The Elections of 1904 and 1908


Theodore Roosevelt (336 Electoral Votes)
Alton Parker (140 Electoral Votes)

William Howard Taft (321 Electoral Votes)
William Jennings Bryan (162 Electoral Votes)


America had never known a president like Theodore Roosevelt – “TR.”  The youngest man to reach the presidency (John F. Kennedy later became the youngest man elected to the office), Roosevelt was energetic and activist.  He exploited – indeed, he practically invented – the office’s potential as a “bully pulpit.”  He took more initiative in developing public policy than almost any of his predecessors, both by using executive powers (such as using the Sherman Anti-Trust to bring suit against trusts) and by promoting a vigorous legislative agenda in Congress (such as the Pure Food and Drug Act of 1906).  Much of what we now take for granted about the exercise of presidential leadership originated with “TR.”  Roosevelt so dominated the office and the country that the Democrats resorted to nominating the Chief Justice of the New York Court of Appeals (not usually a stepping stone to the presidency) for the hopeless race against him in 1904.  In 1908, Roosevelt decided to follow the Washington precedent and step down from office after two (almost full) terms.  His chosen successor, the hefty William Howard Taft, easily defeated Democrat William Jennings Bryan in 1908.  Bryan became the only major party nominee to lose three presidential elections.  (Franklin Roosevelt won four elections, while Grover Cleveland and Richard Nixon each won two of the three times they were nominated.)  Taft served for one undistinguished term as president, but was later appointed Chief Justice of the Supreme Court, the only man to hold both offices.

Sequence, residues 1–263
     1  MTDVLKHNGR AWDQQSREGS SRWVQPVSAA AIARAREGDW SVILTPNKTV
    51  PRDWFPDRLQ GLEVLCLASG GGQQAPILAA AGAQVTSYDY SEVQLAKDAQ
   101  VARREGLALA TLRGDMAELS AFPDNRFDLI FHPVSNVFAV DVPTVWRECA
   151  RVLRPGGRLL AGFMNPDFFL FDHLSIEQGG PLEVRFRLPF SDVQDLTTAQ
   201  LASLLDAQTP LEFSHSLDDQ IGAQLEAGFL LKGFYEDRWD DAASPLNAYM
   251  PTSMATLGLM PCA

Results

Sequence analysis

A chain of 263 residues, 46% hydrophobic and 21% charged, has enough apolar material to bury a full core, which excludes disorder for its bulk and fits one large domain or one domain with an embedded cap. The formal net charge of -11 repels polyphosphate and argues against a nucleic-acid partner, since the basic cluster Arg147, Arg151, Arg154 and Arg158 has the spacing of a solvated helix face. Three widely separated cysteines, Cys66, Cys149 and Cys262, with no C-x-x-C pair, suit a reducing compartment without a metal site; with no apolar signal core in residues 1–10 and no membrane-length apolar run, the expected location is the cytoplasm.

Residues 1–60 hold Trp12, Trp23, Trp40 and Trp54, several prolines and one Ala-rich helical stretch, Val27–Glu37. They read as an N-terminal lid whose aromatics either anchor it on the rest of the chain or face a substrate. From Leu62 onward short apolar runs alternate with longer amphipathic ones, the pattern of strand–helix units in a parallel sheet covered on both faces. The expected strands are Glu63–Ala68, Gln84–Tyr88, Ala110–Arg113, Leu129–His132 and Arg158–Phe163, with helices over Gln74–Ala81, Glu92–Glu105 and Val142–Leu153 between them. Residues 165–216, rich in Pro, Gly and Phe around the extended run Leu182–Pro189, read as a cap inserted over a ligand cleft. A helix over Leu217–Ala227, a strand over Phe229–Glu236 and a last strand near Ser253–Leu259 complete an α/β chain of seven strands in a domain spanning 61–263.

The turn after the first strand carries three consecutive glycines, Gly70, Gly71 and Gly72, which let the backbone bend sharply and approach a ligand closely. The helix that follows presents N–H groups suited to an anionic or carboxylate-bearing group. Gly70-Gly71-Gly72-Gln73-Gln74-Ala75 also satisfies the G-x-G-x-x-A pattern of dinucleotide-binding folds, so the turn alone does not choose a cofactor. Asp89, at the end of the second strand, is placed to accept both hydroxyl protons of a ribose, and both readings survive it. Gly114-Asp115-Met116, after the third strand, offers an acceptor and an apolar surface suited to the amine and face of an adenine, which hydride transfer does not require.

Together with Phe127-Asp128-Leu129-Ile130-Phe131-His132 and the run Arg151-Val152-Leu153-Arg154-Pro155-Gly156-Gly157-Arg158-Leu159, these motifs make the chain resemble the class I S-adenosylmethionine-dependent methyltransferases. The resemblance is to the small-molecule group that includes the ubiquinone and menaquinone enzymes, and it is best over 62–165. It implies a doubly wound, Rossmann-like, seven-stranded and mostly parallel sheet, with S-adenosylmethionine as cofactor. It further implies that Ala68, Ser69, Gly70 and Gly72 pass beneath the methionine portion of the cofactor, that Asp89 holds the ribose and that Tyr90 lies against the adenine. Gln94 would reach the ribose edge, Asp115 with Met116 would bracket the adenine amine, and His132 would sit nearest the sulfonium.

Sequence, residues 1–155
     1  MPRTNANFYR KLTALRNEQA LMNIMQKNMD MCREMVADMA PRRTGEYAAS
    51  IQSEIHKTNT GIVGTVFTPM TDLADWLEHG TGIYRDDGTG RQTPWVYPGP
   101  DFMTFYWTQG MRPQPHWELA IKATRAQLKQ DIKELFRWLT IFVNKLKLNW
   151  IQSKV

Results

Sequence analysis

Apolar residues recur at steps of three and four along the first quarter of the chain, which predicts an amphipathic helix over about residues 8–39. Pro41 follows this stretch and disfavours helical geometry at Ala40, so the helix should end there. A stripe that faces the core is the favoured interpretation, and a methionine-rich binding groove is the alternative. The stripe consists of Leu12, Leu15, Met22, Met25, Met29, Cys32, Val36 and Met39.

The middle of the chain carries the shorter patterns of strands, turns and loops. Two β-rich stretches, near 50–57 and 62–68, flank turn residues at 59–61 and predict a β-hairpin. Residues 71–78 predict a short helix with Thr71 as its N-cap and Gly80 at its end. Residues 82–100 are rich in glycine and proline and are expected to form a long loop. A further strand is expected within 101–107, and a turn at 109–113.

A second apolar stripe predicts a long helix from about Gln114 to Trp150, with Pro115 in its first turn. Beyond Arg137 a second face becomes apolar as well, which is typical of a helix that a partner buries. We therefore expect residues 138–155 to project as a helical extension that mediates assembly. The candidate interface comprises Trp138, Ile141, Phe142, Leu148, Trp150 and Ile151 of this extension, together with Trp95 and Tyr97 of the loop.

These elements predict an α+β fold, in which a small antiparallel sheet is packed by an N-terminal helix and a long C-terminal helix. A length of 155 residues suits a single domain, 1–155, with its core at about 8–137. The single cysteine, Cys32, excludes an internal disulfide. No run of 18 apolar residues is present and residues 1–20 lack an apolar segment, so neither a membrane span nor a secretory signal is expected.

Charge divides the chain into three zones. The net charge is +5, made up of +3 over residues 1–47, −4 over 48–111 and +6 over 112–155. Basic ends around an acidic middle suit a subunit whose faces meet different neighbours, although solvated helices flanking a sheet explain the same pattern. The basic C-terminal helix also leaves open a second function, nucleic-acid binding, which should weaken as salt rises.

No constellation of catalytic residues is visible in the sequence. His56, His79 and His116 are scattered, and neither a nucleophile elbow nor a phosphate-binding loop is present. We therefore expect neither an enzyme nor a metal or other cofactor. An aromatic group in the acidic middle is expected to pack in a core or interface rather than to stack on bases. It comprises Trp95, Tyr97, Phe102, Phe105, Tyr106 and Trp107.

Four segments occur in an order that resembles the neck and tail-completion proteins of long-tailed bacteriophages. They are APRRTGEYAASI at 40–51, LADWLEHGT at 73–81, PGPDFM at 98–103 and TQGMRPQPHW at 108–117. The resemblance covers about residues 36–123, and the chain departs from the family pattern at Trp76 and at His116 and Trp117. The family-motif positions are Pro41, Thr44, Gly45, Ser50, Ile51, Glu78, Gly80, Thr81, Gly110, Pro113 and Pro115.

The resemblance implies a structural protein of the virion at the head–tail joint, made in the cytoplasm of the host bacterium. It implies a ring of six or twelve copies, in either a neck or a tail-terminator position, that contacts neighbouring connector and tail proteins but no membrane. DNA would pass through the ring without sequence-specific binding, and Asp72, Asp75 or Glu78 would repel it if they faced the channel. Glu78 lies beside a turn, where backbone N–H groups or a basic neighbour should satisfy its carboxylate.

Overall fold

Leave a Reply